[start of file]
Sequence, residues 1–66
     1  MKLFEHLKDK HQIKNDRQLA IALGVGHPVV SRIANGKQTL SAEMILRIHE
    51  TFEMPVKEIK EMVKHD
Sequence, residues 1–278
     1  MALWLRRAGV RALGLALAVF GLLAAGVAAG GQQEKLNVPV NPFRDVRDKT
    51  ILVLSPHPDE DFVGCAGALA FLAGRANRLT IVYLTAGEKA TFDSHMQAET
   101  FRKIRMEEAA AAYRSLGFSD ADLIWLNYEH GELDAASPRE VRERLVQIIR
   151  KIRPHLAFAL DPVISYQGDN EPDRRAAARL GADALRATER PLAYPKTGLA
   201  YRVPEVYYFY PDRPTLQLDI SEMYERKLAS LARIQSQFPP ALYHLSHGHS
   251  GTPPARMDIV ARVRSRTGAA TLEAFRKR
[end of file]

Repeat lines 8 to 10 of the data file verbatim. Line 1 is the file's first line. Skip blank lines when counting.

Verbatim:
   151  KIRPHLAFAL DPVISYQGDN EPDRRAAARL GADALRATER PLAYPKTGLA
   201  YRVPEVYYFY PDRPTLQLDI SEMYERKLAS LARIQSQFPP ALYHLSHGHS
   251  GTPPARMDIV ARVRSRTGAA TLEAFRKR